We were all duped about a Tour without dope. Maybe. Call me cynical, but every time an American gets nailed for potential wrong-doing, I wonder. If the Europeans didn't hate, yea,verily loathe, Americans so much, if they didn't conspire in voting scandels against Americans, if they generally showed some vague sense of fairness to anything American, maybe I would believe these scandels right out of the gate.
Landis doping, is of course, plausible. "Everyone is doing it" doesn't seem to by a hyperbolic stretch. Landis and his bum hip made big news and big money for the Tour organizers. One wonders if they knew the results before and loved the story and let the sinner compete. Nah. That is going from cynical to conspiratorial.
A great editorial by Matt Seaton at the Guardian Unlimited caught my attention. He notes that Tour watchers voted with their fingertips and viewership was way down. He adds:
Many will feel, though, that the teams face both ways -- demanding the top results, but then freezing out the riders who feel they have no option but to dope in order to deliver them. The riders' attitude is that they are always the poor bloody infantry -- used, abused and ultimately expendable.
There is some truth in this, but it's time they got past that ancient sense of grievance. We've seen the riders exercise their power in the past with sit-down protests and the like when there's something they don't like -- such as dangerous racing conditions. Tackling doping is, if nothing else, about their livelihood and their health. The one thing that might change the present dismal vista of pro cycle sport would be for the riders themselves to organise and take a collective stand against doping. Declare an amnesty now, by all means, but then exercise zero tolerance; create a culture of whistle-blowing; and end the code of silence, the omerta, that protects the dope-cheats.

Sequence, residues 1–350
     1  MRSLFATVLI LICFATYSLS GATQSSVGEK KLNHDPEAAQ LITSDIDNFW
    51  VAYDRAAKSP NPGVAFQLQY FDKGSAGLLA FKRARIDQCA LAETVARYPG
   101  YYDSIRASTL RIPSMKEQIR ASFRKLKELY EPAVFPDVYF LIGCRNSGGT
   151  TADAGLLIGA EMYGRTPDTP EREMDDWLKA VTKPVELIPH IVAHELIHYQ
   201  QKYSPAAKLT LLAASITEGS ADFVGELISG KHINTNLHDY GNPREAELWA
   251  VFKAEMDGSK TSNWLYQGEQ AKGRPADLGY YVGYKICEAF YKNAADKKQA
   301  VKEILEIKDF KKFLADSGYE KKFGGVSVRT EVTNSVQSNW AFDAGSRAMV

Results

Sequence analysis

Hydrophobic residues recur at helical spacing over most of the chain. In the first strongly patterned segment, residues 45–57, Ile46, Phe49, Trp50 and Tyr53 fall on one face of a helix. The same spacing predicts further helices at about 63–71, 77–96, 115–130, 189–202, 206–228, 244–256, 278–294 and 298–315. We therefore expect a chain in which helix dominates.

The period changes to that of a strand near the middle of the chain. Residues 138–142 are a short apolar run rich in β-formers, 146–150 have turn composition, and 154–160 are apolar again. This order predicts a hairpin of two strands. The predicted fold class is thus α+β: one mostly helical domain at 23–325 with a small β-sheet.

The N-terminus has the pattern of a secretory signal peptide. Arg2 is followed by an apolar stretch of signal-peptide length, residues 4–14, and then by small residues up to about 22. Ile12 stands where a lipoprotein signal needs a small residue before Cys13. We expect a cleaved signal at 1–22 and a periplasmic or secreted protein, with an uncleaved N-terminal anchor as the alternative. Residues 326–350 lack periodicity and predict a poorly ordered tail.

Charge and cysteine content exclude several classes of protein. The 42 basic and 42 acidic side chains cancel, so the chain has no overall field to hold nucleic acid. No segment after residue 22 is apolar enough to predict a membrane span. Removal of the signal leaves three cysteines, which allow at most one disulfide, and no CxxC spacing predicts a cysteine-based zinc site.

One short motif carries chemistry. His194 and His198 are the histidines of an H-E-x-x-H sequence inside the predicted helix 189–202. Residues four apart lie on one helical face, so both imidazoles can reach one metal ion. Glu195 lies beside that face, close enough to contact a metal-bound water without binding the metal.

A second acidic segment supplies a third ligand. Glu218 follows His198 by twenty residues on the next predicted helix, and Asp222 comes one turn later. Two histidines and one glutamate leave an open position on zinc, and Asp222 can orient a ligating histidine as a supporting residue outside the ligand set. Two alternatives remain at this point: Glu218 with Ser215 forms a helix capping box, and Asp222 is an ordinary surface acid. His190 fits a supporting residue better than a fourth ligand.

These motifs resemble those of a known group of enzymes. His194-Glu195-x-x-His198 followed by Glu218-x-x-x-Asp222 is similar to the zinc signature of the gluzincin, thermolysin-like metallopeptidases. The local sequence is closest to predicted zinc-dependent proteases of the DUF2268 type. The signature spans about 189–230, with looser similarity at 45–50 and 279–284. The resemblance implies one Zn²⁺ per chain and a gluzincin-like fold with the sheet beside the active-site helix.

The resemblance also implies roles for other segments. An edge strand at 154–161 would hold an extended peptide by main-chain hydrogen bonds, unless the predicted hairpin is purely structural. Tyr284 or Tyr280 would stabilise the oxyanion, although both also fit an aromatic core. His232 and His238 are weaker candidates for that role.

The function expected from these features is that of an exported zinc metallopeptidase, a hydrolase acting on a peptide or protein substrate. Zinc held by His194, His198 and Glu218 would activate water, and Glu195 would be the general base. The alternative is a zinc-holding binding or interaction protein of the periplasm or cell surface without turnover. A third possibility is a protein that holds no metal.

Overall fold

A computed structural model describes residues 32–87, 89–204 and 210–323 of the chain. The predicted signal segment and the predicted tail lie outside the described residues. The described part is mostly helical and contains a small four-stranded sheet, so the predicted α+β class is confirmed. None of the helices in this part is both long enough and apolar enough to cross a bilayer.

We'll see about Test B for Floyd Landis. In the meantime, we wait. The Tour, after Lance, might just sink back into irrelevance where it had been for a long time. Drugs or no drugs, it takes more than a bunch of guys in tight shorts riding for miles and miles and miles and miles to capture more than just the die-hard fans' attention. I see the future of the Tour De Force and it's the snooze button.